NorthWest Family Foods, 1-24-2019

A volunteer at NorthWest Family Foods carts boxes of food between shelves during a food drop off in early 2019.

ST. ALBANS CITY – As the holiday season approaches and pandemic reliefs sunset, NorthWest Family Foods (NWFF) is expecting its St. Albans food shelf to see a greater demand in the coming weeks.

In the midst of a greater demand, the food shelf is also reacting to a newfound surge in COVID-19 in Vermont, leading the food shelf to reexamine the ways it serves Northwest Vermonters in need.

According to the food shelf’s coordinator Toni Auriemma, things at the food shelf quieted down during the early months of the pandemic.

During the first months of COVID-19, the number of households visiting the food shelf every day dropped from a typical 50 to around 20 or so. “We didn’t see a lot of people during the first wave,” Auriemma said.

Recently, however, the number of households using the St. Albans food shelf has started climbing again, coming ahead of a holiday season that typically sees NWFF at its busiest.

Auriemma said the food shelf, on an average day, now sees between 35 and 40 households. Monday, for example, saw 37 households tap the food shelf for help during the two-hour afternoon window the St. Albans food shelf was open.

“It’s definitely different from the last seven months,” Auriemma said.

As to why the food shelf saw use drop off and gradually build up, Auriemma could only speculate it might have something to do with the stimulus programs stood up in the first months of the pandemic slowly sunsetting and coming to an end.

It’s a fear hunger relief advocates have shared in the past. Earlier this year, leaders from Hunger Free Vermont and the Vermont Foodbank told the Messenger they feared hunger could surge as measures like expanded food stamp benefits or the Farmers to Families Food Box program wind down.

“We really have a concern about what winter will bring,” the Vermont Foodbank’s chief executive officer, John Sayles, told the Messenger in September.

This spring, a University of Vermont survey suggested food insecurity may have climbed 33 percent in the first months of the pandemic, growing to now impact a quarter of all Vermonters. The nonprofit Feeding America, citing U.S. Census data, suggests that number may be even higher at 49 percent.

Auriemma said she guessed programs, like the emergency food drops packing the Franklin County State Airport in Highgate in April and May, may have helped address the first wave of food insecurity following COVID-19’s arrival to Vermont and the subsequent shutdown ordered to control COVID-19’s spread.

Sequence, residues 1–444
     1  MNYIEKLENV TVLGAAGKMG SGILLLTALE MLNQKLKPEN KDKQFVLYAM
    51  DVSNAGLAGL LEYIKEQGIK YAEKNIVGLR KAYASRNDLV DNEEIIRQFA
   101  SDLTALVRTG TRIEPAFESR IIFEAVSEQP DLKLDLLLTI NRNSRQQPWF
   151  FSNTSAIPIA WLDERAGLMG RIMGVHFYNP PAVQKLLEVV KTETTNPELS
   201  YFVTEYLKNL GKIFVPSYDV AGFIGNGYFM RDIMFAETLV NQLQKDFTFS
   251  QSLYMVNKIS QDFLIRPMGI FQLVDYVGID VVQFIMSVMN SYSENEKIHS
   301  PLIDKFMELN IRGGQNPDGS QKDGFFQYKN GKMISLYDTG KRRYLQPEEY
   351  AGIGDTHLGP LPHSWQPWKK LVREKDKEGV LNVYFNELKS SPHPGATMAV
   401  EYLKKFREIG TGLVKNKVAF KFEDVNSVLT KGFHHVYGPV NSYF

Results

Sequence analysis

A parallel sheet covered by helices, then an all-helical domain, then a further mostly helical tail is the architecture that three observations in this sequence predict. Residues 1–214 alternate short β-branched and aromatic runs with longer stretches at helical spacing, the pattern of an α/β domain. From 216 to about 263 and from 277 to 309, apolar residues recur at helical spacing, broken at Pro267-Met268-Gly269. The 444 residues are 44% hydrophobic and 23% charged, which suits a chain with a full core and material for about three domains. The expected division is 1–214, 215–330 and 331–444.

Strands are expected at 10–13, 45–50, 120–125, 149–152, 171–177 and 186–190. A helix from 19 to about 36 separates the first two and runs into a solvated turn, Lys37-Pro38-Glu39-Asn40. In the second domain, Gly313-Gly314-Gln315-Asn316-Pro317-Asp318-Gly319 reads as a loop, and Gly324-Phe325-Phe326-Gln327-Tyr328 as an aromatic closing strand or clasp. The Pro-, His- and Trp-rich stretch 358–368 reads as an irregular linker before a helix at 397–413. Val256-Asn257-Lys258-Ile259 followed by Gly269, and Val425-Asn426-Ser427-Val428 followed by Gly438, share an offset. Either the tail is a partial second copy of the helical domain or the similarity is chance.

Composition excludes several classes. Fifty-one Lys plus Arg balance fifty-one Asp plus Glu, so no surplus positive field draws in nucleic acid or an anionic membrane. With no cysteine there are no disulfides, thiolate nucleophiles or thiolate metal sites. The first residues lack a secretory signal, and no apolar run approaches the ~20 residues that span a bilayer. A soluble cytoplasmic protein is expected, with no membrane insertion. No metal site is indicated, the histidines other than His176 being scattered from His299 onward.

Many of those programs, supported through federal orders from agencies like the U.S. Dept. of Agriculture and the larger $2 trillion federal CARES Act, are approaching their scheduled denouements at the end of the year. Already, some measures, like a state ban on utility disconnections, have expired.

For NWFF and the St. Albans food shelf, the timing could not be worse, with supports falling away just as food shelves typically see heavier use amid the financial stress of the holiday season and the onset of a Vermont winter.

While some federally-stood up programs have been extended past the coming winter, like the popular universal school meals expansion authorized under federal orders, there remains little hope for immediate relief in the form of a federal stimulus at the scale of another CARES Act.

“Now would be the time when we’d start to see people more in need,” Auriemma said. “This is interesting and, unfortunately, bad timing.”

Meanwhile, food shelves like NWFF are left to also adapt to both a surging pandemic and cooler weather making previous adjustments at the food shelf, like outdoor pickups near the food shelf’s bay door entrance, a challenge.

According to Auriemma, the food shelf is planning on a “deli-style” system inviting people “take a number” and wait in their ideally warm vehicle for their number to be called, allowing users into the food shelf for a pick-up one household at a time.

As COVID-19 surges in the Green Mountain State, however, Auriemma said the food shelf has held off on its planned pandemic revamp. “We’ve put it on hold because, with numbers rising, we’re too uncomfortable,” Auriemma said.

In the meantime, Auriemma said the food shelf remains open during their typical hours of noon to 2 p.m., with food distributed out of the food shelf’s bay doors.

“Things are very unclear,” Auriemma said. “We have to take it day by day.”

NorthWest Family Foods, 2016

A volunteer from Grunts Move Junk helps load boxes of donated food onto a truck bound for NorthWest Family Foods in 2016.

How can people help NWFF during the holiday season?

According to Auriemma, the food shelf is accepting donations of “all kinds of foods,” though there’s an acute demand at the moment for “Thanksgiving fixings” and food shelf staples like peanut butter and children’s snacks like fruit cups and granola bars.

The food shelf is also looking for cleaning products like paper towels and pet food.

“We’re trying to be a grocery store out of the bay doors,” Auriemma said.

The food shelf is also looking for monetary donations it can use to buy food and supplies, which, according to Auriemma, would be the easiest for the food shelf to use.

Those with questions about the food shelf or those who might need the food shelf’s help in the coming weeks can contact NWFF at (802) 527-7392, extension 106, or can look for information on the food shelf’s Facebook page at

The food shelf’s processes for accommodating an ongoing pandemic are likely to change as COVID-19 continues to circulate through Vermont and New England. Auriemma said NWFF’s Facebook page would be the best place for continued pandemic-related updates from the food shelf.

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